Tips for Cooking with Cannabis

Not all cannabis consumers are interested in smoking something. Some people may be worried about the affects of inhaling smoke, and others may just be looking for different consumption methods that allow them to be more creative. That’s where cooking comes in.

If you are interested in edibles, there are plenty of options at your local Cheeky’s, but if you want to really explore the world of edibles, it is time to learn how to cook edibles. By making your own edibles, you will gain complete control of the recipe, with the ability to make it healthier, sweeter, stronger or saltier.

Cooking with cannabis is a fun alternative to smoking cannabis. Being easier on the lungs, there is no chance of consuming tar or butane when you blend your cannabis into your next meal. For that reason, cannabis becomes ever more accessible to all people when the option of cooking is introduced.

If you are new to cooking with cannabis, this article is for you. We will share our favourite tips for bringing cannabis into the kitchen, along with a couple fundamental recipes, from author Nikki Furrer of A Woman’s Guide to Cannabis.


Tips for Cooking with Cannabis

Cooking with cannabis can appear intimidating, but it is not much different than regular cooking. There is just an extra step: decarboxylation. Plus, cooking with cannabis does not require any special tools or equipment – just the standard equipment will do!

cookies fresh out the oven

You can infuse almost anything you cook with cannabinoids, by decarboxylation. During the preparation phase, you will infuse your butter or oil with cannabis, which means you can cook anything you want that requires fat. Instead of using regular butter or oil, you use your homemade cannabis-infused butter or cannabis-infused oil.

Choose a strain that fits.

Perhaps the biggest choice you will have to make when it comes to cooking with cannabis is choosing a strain. There are hundreds of strains to choose from, so without being overwhelmed, you will want to select something that’s best for you.

To start, what is your goal? Decide if you want a more sedative feeling or a more energized feeling from your cannabis-infused food. Indica plants are generally considered to produce more of a relaxed body high, while sativa plants are known to produce a more uplifting high, and hybrid plants are a little bit of both.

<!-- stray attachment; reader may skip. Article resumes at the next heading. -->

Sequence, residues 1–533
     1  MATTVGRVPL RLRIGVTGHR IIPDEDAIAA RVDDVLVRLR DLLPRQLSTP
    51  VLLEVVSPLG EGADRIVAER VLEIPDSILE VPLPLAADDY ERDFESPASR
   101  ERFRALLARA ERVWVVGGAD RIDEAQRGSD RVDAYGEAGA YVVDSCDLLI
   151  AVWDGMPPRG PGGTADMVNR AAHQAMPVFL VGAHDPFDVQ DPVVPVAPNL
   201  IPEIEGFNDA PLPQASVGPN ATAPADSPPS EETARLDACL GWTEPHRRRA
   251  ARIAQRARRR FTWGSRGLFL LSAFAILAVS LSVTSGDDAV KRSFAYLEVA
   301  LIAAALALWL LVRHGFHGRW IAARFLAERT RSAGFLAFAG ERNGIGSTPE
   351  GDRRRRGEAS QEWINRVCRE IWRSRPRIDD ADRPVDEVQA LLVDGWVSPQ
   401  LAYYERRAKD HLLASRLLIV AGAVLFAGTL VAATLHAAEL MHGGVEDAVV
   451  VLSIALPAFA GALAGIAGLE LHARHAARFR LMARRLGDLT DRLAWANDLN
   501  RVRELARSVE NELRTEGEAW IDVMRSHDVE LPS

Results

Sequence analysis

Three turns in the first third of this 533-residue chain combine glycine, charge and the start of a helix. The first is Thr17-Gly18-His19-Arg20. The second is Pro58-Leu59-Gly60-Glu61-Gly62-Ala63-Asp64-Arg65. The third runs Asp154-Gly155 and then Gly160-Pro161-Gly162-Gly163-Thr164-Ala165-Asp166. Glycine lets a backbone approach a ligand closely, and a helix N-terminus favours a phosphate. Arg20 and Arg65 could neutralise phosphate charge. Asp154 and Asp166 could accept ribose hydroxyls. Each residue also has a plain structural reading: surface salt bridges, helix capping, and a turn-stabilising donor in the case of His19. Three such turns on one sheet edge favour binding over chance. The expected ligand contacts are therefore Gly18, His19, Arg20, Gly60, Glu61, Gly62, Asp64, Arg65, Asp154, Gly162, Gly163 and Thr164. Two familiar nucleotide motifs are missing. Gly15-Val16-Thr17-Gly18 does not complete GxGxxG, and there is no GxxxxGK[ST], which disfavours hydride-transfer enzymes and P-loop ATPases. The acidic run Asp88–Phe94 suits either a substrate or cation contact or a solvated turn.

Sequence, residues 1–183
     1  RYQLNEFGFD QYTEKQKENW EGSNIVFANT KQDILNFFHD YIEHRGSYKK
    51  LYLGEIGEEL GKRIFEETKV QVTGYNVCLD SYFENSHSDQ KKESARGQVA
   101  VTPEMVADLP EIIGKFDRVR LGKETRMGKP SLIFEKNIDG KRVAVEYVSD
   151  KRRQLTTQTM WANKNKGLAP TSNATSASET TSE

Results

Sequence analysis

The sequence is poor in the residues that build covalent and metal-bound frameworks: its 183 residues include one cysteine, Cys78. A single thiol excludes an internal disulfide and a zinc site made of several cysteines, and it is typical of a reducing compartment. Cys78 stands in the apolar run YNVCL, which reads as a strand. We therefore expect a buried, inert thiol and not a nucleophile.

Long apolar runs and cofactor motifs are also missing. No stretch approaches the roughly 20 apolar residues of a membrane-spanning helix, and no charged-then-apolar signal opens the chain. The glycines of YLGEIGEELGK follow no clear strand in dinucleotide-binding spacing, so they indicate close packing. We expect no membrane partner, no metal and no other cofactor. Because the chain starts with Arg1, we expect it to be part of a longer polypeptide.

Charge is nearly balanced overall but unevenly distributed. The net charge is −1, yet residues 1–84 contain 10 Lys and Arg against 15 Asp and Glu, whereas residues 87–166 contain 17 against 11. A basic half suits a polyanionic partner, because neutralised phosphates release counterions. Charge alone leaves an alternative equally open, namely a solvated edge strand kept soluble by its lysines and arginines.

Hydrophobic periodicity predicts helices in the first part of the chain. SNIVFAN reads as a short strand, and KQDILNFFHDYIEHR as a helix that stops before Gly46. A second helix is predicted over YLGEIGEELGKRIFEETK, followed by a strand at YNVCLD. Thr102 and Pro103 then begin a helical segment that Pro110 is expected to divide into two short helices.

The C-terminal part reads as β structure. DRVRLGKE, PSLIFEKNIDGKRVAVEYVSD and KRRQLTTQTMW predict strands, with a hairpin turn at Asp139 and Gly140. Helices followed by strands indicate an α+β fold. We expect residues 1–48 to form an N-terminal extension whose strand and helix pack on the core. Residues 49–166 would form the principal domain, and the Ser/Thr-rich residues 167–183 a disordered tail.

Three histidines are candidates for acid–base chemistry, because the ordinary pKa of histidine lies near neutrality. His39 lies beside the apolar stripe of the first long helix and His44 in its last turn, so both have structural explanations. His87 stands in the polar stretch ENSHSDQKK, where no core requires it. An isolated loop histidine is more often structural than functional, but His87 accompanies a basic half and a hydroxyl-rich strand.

Also consider the terpenes you prefer, and if they support the goal of your high.

Then, consider the quality. You do not need the most expensive strain available, but you also do not want to cheap out on the most inexpensive strain. Quality matters, and you will end up ingesting it, so choose wisely.

Figure out how much cannabis you need.

holding buds of cannabis

Trying to determine how much cannabis you need for your recipe can be confusing, especially for beginners. If you are following a cannabis-infused recipe, there should be some guidelines, but without a recipe it can be hard to know.

There are edible dosage calculators available online, which will tell you how much THC your cannabis-infused food will have in it. All you need to know is the amount of weed you’re adding, the amount of butter or oil you’re using, and the THC levels of the cannabis.

In the kitchen, a little bit of cannabis goes a long way. For example, if you purchase 5 milligrams of cannabis with a THC level of 20%, you’re left with 1,000 milligrams of THC. Once you have decarboxylated your weed (see next tip), you’re left with about 900 milligrams. If you assume your other ingredients absorb just 50% of the THC, you’re left with 450 milligrams. Portioned out by 5 milligram serving, and you’ve got a lot of edibles on hand.

It’s important to be mindful about dosage – more is not always better. If you have eaten edibles with 25mg, that does not mean the same amount in home cooked food will produce the same affects. It is best to start slow by choosing a lower dose. If you are a beginner, start with 1 to 5 milligrams of THC – you can always increase your dose next time.

Decarboxylate before you cook.

modern oven